Psalms 35: When Times Get Tough


In Psalms 35, David must have been going through another one of his many difficult times. Most of the chapter spent talking about his unprovoked enemies who are trying to do him harm. However, he calls on God to help him, and he also explains a little bit about what has been happening to him.

Psa 35:19  Let not them that are mine enemies wrongfully rejoice over me: neither let them wink with the eye that hate me without a cause.

Psa 35:20  For they speak not peace: but they devise deceitful matters against them that are quiet in the land.

Psa 35:21  Yea, they opened their mouth wide against me, and said, Aha, aha, our eye hath seen it.

It is interesting. The people got all excited because of David’s troubles. I think that we can find ourselves in these types of situations even today.

I bet some of you have been in this type of scenario. Perhaps you had a family member who was sick for a long time but ultimately ended up passing away. You probably had been praying for them for months, but for some reason or other, God did not choose to heal that person.

As Christians, we recognize that even if there are things that we don’t always understand about the will of God, it does not automatically mean that God does not exist or that He doesn’t love us.

However, other people take stories like that and use it as proof of their triumph over God. They say that if God was real, He surely would have saved that person from death. After all, we say that He has power over life and death. Why didn’t He save that person?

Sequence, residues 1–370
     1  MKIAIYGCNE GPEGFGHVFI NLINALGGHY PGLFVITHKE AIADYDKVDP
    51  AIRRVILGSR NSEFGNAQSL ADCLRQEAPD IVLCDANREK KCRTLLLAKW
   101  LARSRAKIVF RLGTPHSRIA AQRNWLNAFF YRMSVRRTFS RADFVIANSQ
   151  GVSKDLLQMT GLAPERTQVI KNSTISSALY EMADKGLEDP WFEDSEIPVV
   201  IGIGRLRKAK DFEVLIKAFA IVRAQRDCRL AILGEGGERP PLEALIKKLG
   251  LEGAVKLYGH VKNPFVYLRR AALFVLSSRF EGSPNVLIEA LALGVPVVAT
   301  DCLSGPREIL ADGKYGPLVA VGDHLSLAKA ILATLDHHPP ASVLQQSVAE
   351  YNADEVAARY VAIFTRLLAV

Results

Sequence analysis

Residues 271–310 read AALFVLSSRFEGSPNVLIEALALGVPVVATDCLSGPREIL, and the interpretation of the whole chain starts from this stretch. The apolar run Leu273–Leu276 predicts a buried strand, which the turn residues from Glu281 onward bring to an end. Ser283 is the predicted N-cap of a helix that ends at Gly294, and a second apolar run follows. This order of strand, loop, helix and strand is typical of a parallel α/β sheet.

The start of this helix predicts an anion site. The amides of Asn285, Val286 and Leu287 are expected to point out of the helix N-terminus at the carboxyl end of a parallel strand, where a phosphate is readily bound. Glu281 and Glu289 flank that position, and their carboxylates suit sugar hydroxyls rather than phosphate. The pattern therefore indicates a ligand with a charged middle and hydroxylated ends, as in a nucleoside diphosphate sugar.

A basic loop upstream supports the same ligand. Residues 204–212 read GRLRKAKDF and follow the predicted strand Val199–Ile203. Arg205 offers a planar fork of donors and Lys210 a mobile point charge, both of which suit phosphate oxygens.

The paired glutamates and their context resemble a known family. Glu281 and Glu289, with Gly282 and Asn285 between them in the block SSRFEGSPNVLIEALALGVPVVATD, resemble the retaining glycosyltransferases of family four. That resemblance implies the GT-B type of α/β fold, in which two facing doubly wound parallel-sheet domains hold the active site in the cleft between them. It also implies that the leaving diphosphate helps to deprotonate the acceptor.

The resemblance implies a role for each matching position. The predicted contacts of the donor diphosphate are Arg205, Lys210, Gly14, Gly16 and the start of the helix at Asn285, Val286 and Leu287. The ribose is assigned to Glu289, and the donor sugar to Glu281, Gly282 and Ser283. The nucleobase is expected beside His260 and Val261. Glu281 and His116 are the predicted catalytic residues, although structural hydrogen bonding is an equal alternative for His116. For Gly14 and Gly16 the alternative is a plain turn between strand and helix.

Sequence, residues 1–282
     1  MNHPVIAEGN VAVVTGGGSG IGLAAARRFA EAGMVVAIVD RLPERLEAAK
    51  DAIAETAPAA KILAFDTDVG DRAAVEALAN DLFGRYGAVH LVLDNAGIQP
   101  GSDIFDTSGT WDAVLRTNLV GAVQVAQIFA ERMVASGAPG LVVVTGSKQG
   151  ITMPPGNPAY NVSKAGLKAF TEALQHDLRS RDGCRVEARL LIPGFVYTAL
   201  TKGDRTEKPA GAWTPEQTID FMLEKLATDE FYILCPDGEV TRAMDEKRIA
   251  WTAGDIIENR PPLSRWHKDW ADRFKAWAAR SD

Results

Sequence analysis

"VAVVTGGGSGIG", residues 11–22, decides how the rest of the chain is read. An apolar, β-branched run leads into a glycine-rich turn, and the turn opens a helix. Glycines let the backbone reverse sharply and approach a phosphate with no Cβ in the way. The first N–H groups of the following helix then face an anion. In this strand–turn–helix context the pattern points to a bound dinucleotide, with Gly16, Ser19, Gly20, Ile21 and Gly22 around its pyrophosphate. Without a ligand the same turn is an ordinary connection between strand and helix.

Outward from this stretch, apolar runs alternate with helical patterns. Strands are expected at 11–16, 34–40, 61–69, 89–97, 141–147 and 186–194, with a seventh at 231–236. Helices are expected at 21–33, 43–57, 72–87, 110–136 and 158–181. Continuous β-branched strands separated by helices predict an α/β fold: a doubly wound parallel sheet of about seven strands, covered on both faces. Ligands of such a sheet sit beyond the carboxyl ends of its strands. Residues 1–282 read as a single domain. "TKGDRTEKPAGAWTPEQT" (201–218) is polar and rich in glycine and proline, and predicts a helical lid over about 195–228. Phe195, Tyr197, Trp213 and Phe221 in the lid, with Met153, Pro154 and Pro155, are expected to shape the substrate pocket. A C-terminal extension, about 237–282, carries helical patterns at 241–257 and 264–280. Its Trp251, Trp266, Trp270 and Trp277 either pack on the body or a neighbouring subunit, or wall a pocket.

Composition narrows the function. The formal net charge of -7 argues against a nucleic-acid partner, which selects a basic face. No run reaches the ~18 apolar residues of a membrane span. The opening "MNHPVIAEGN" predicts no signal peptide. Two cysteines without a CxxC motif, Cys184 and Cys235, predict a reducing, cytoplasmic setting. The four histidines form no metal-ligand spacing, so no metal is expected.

Of course, as Christians we know that God is not like an ATM machine. We don’t put in our prayer card and get a payout of the outcomes that we prefer. God is not obligated to give us everything that we demand. If He did, it would be an interesting belief to take to its logical conclusion. (What if I prayed for God to help me rob a bank successfully? Would he necessarily need to help me out in this belief system?)

Regardless, bringing this back to Psalms, it should not be surprising when people use problematic situations in our lives to rejoice. I don’t mean rejoice as in rubbing it in on a person-to-person level necessarily, but these are very popular arguments in skeptical circles.

Remember, this is simply another variation on the argument from the problem of evil. Your enemies will rejoice and feel like God has finally abandoned you. I would argue that that is not true, and I would argue that God does not have abandoned you in these difficult times. Think about Psalms 23.

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Posted on December 17, 2013, in Psalms and tagged , , , , , , , . Bookmark the permalink. Leave a comment.

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